What is good is the simplicity of the UI. Icons and text are large and clear and there a tutorial to help you learn the ins and outs of the phone quickly. There is also a friendly list of apps you can download rather than having to trawl through the Google Play store, although this is available too.
The homesceen has a large Google search bar for accessing the internet, as well as the option to add three of your favourite contacts for easy access to the people you call the most. Again this simple feature comes with a hefty dollop of clunkiness. Trying to add a picture to a contact is more difficult than it should be. While the Doro lets you take a picture from your contact page it’s not automatically added to the contact or the gallery. You need to take a picture from the photo app, go back to the contact and then pick the picture you want to use from the gallery.
Phone, text message and camera icons make up the rest of the homepage as well as a bar that provides access to five more screens with a variety of popular apps. It’s great that the Liberto 810 is already set up so comprehensively out of the box. It means you can get cracking straight away, if only it was more reliable.
Doro Experience lets you manage the phone remotely too – you can add and remove apps, calendar events, pictures and much more from a web browser. If you’re buying this phone for a technophobe then you’ll be able to remotely sort things out. It’s a very useful service.
The Liberto 810 is a solid phone for making calls and sending texts. Voice quality is good outgoing and the voice coming from the other end is loud, but not more so than most other phones we’ve reviewed. The loudspeaker gets to a reasonable level whether you want to use it for the on-board FM radio, watching video, listening to audio books or for listening to a call while you’re busy doing something with your hands. Even at full volume the sound doesn’t distort or hiss.
Swiftkey, a good texting app, is included with the Doro Liberto 810. It makes texting easy and the screen is responsive enough to presses too.
You get a 5MP rear camera and a low res front camera. Neither is very good. The rear camera may have a reasonably high megapixel count but it really struggles with contrast and low-light shots. With the LED flash on you do get a little more detail but it’s still quite poor.
Without flash the camera struggles to deal with contrast. It's a little better with the flash on (right)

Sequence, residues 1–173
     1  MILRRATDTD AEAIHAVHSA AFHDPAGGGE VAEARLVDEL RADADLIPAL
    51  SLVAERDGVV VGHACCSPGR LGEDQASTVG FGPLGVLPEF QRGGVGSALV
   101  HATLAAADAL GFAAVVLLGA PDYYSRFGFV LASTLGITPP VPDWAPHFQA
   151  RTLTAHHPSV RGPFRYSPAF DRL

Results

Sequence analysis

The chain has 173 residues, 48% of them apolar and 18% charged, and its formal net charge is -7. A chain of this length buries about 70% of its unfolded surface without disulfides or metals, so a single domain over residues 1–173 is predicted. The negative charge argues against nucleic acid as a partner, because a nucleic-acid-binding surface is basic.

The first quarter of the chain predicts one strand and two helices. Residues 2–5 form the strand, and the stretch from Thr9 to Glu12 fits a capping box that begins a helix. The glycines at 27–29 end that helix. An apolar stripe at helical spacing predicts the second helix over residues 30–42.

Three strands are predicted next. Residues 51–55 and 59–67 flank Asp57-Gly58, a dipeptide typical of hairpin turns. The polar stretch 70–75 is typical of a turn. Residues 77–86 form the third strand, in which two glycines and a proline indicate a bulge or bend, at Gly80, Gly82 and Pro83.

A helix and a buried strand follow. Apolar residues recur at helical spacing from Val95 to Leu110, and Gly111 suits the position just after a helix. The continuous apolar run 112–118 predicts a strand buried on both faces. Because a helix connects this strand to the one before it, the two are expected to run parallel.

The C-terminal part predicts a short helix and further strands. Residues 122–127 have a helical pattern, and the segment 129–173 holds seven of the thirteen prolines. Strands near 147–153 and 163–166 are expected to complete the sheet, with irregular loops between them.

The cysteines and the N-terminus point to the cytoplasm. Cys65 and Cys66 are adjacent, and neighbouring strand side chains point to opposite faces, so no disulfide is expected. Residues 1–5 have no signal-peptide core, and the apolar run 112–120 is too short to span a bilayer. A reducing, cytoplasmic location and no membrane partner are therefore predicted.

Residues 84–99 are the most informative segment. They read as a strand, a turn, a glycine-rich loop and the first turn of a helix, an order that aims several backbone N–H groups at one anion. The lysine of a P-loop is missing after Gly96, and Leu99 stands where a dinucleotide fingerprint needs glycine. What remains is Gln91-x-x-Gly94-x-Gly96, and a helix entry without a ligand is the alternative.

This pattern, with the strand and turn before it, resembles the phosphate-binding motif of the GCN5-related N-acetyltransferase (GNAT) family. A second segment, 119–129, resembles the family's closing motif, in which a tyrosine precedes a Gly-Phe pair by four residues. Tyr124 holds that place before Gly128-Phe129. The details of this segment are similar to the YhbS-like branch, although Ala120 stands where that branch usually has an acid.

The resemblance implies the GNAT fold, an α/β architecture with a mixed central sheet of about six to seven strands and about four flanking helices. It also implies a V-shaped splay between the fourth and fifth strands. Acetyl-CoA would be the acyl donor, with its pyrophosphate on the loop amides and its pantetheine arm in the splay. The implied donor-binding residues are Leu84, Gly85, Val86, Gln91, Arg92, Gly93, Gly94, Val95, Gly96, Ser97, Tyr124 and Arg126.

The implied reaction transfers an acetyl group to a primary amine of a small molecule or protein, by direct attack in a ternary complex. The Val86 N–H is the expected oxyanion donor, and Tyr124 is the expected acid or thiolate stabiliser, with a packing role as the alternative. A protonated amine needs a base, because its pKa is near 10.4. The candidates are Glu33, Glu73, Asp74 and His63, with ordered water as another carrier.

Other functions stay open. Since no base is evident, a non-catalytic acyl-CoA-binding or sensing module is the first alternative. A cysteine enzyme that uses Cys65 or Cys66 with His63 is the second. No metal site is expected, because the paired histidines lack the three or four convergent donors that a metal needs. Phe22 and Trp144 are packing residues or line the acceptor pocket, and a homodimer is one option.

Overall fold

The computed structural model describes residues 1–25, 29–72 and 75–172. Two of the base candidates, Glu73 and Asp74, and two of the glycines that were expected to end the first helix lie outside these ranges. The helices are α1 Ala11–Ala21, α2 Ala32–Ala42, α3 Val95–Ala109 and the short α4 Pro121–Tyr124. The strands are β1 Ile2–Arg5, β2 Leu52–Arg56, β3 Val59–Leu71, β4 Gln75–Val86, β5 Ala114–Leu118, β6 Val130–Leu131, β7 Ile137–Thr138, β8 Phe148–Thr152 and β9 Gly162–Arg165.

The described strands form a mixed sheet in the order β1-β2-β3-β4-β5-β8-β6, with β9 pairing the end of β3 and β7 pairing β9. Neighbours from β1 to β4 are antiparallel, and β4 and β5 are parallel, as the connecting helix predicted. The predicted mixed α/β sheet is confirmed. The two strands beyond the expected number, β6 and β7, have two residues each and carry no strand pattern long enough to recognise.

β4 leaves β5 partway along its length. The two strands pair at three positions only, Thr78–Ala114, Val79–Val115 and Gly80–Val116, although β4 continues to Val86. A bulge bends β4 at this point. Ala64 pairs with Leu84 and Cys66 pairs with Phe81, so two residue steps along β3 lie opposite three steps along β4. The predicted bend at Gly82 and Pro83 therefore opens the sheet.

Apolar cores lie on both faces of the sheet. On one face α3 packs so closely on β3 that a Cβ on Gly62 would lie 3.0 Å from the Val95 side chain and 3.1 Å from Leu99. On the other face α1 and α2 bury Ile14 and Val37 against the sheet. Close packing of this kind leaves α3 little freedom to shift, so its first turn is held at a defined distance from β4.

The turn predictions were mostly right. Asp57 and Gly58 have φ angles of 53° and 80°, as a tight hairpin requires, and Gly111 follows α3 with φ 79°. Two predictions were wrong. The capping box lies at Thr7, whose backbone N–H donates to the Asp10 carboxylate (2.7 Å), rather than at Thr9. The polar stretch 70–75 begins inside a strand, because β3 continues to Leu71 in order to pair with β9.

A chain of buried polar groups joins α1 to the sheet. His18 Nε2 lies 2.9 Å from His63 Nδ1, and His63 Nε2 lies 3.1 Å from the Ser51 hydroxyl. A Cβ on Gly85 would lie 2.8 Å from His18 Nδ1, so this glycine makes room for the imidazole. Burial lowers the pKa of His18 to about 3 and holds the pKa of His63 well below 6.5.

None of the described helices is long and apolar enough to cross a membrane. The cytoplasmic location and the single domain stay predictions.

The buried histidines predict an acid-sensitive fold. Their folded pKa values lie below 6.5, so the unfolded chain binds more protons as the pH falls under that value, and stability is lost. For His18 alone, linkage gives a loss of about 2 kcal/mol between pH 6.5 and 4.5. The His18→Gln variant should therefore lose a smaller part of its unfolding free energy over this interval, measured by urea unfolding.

The front camera is even worse. Images are grainy and very dull. Granted this isn’t a phone for the selfie generation but it’s also not very good for video calling.
We took some pictures of the London skyline to demonstrate the lack of detail when compared to the 2MP front camera on the iPhone 5S. It demonstrates well that there’s a lot more to a camera than the megapixels it packs.
The front camera of the Doro is on the left, the 5MP rear camea in the middle and the 2MP front camera of the iPhone 5S on the right
Pop the back off the phone and you’ll find a removable 1500mAh battery under the SIM and microSD card. Helped by the low-powered processor and low resolution screen it does a good job of keeping charge. If you use the phone for a few hours a day you’ll easily get two days of use from it but, like most smartphones, you’ll want to charge it daily if you use it a fair amount for browsing, listening to music (the Doro comes with FM radio and basic in-ear headphones included) or watching video.
It’s very hard to recommend the Liberto 810, particularly with its £150 price. The extremely capable Moto G, for example, can be bought for less than £100 and the difference in quality and specs between it and the Doro cannot be overstated. Couple the Moto G with a simple Android launcher like Wiser and you have a very capable and easy to use phone. Companies like Huawei and Acer also have simple versions of the UI baked into new phones.
Indeed, it's really hard to understand what Doro is trying to achieve here. It specialises in making simple phones and does that well, but its lack of Android experience is clear to see and having Android adds little when it works so poorly on this phone. If you need to buy a simple, easy to use phone, the Doro PhoneEasy 621 is a much better options and costs just £60.
If you need a simple phone, buy a Moto G and add a 'simple' launcher or just buy a basic feature phone.
Next, read our round-up of the best cheap mobile phones